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Accurately Testing for Meniscal Tears in the Knee

With the use of arthroscopic examination, surgeons can prove and refine clinical tests for joint damage. In the case of the meniscus, a C- or horseshoe-shaped piece of cartilage in the knee, the McMurray test is used most often to diagnose posterior (along the back of the knee joint) meniscal tears. Results of the McMurray can be verified during the arthroscopic exam when the surgeon can perform the same test and see what happens to the meniscus.

There are two McMurray tests: the standard or conventional McMurray and the paradoxical McMurray. Both tests are performed in the same way. The knee is bent; the examiner holds the heel and twists the lower leg in and out. If there is a torn or loose meniscus, there will be a painful, snapping or clicking sensation as the movement shifts or traps the meniscal flap or fragment between the tibia (lower leg bone) and the femur (thigh bone).

The results are what make the test conventional or paradoxical. For example, the test is considered "paradoxical" when the leg is rotated internally (inward) and the medial side of the knee (side closest to the other leg) clicks. There can also be a paradoxical McMurray when the leg is rotated externally (outward) and the clicking occurs in the lateral compartment (or side) of the knee. Lateral refers to the side of the knee away from the other knee.

The results just described are considered paradoxical, meaning the opposite of what is expected. In the conventional test, the clicking occurs on the opposite side of the knee from the rotation. When the leg is rotated inward, the clicking occurs on the outside of the knee. When the knee is rotated outward, the clicking occurs on the inside of the knee.

In this study, one surgeon compared each test before and during arthroscopy in two groups of patients. Group one had a confirmed meniscal tear. Group two did NOT have a meniscal tear. There were a total of 1,015 patients who had knee arthroscopy. Two thirds of the group had a meniscal tear. The remaining one-third did not have a meniscal tear.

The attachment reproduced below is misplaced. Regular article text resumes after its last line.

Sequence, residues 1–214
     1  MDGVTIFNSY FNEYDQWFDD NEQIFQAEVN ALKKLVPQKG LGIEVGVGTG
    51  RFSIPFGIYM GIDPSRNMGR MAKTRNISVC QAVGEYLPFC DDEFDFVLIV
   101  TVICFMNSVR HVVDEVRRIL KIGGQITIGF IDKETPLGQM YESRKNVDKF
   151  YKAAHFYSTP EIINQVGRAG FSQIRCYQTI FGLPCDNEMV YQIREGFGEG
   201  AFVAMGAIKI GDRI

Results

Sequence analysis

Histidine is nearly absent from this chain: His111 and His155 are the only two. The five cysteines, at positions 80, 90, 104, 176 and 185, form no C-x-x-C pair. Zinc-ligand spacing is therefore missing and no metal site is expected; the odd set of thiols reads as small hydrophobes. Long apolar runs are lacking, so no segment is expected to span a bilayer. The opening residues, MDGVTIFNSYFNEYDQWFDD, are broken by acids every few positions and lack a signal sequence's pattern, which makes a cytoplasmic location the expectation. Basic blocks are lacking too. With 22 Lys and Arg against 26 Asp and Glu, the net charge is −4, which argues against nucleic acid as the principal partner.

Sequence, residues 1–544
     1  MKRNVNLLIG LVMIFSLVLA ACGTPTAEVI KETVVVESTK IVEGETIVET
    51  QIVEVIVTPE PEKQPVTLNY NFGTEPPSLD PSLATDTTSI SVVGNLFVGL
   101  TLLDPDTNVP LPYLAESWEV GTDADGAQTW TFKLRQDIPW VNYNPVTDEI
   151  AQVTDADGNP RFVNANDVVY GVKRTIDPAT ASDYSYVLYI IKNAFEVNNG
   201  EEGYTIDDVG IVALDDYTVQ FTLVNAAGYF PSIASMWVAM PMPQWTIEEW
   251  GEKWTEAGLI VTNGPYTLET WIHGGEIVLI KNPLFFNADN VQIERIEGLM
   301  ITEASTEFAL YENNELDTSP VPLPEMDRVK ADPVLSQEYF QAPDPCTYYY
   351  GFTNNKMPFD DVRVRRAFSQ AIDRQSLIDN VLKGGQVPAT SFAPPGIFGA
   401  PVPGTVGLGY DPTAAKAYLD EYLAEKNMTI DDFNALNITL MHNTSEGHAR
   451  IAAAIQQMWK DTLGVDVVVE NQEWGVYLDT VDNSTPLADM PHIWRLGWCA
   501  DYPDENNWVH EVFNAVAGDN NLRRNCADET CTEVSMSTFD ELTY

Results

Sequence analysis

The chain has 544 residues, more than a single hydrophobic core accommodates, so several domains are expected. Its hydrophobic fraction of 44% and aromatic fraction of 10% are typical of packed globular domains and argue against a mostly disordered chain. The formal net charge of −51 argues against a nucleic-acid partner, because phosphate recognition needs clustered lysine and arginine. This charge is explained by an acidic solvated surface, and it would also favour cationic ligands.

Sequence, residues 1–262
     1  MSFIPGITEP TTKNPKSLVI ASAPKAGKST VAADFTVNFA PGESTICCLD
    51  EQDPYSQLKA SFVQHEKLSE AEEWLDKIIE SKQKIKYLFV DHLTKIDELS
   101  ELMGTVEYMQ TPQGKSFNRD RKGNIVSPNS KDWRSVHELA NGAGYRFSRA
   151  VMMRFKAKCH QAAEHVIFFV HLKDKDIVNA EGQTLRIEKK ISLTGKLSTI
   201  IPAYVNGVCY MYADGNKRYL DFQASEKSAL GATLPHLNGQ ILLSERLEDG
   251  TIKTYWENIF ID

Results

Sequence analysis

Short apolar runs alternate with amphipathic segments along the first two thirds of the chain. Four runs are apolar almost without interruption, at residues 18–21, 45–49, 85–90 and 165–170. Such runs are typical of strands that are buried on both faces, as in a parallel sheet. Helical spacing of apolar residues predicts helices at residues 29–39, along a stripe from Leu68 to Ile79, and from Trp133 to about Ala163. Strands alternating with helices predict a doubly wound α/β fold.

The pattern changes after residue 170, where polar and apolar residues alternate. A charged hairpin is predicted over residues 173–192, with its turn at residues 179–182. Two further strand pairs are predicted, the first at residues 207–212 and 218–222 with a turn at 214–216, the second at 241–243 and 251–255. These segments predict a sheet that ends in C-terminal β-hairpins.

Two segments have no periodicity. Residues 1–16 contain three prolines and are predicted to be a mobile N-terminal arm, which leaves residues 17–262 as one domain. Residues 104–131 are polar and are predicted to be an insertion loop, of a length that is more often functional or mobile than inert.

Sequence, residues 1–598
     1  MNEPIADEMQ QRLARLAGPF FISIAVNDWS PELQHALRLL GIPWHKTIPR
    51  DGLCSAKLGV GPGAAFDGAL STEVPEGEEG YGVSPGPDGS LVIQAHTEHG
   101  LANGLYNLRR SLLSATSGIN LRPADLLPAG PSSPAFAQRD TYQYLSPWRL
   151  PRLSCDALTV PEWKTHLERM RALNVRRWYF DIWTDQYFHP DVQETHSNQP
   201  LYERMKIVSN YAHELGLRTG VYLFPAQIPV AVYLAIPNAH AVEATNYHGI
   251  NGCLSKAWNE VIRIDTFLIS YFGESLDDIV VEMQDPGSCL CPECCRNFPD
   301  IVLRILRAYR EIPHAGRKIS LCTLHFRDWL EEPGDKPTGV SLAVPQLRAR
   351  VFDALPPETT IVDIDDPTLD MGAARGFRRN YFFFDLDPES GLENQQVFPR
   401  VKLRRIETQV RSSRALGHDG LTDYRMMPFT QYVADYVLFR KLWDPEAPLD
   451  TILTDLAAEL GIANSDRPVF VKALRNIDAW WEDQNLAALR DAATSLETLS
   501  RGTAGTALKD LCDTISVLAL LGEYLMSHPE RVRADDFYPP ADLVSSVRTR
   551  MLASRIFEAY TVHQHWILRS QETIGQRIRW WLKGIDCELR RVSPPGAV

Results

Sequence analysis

This type of study gives us a better idea of how accurate the tests are. In statistical terms, sensitivity and specificity of each test is determined. Sensitivity refers to a "true positive" test -- in other words, when the test is positive, it is a true indication that the person has a meniscal tear. Specificity refers to a "true negative" test -- when the test is negative, the person really doesn't have a meniscal tear.

The more sensitive a test is, the fewer false positives are found. A false positive is when the test is positive suggesting a meniscal tear is present when, in fact, there is no tear. The more specific a test is, the fewer the false negatives. A false negative refers to the patient who has a negative McMurray test as if nothing is wrong when there really is a meniscal tear present.

So, how did the two tests compare in terms of sensitivity and specificity? The paradoxical McMurray was much less sensitive (less able to find patients who really have a torn meniscus) compared with the conventional McMurray test. But the paradoxical test was more specific (when the test was negative, the person did not have a meniscal tear).

The surgeon also looked at types of meniscal tears to see if some types are more likely to show up on one test versus the other. Types of tears are categorized based on the location and/or shape of the tear (e.g., lengthwise versus crosswise or tear versus detachment). He was able to see why sometimes the paradoxical test was accurate and sometimes inaccurate. If the tear was not long enough or located in the middle of the meniscus, the paradoxical test would be negative.

The author suggests an MRI should be ordered when the paradoxical McMurray test is negative but the patient has pain and other clues pointing to a meniscus problem. A positive paradoxical test is a sign that there is a large meniscal tear -- long enough to shift the loose or torn meniscus during the test. But a positive paradoxical McMurray test does not mean the patient should have surgery immediately. The surgeon must evaluate the patient history and clinical findings and find out the patient's goals and activity level.

Sung-Jae Kim, MD, PhD, et al. The Paradoxical McMurray Test for the Detection of Meniscal Tears. An Arthroscopic Study of Mechanisms, Types, and Accuracy. In The Journal of Bone and Joint Surgery. August 15, 2012. Vol. 94A. No. 16. Pp. e118(1)-(7).


*Disclaimer:* The information contained herein is compiled from a variety of sources. It may not be complete or timely. It does not cover all diseases, physical conditions, ailments or treatments. The information should NOT be used in place of visit with your healthcare provider, nor should you disregard the advice of your health care provider because of any information you read in this topic.
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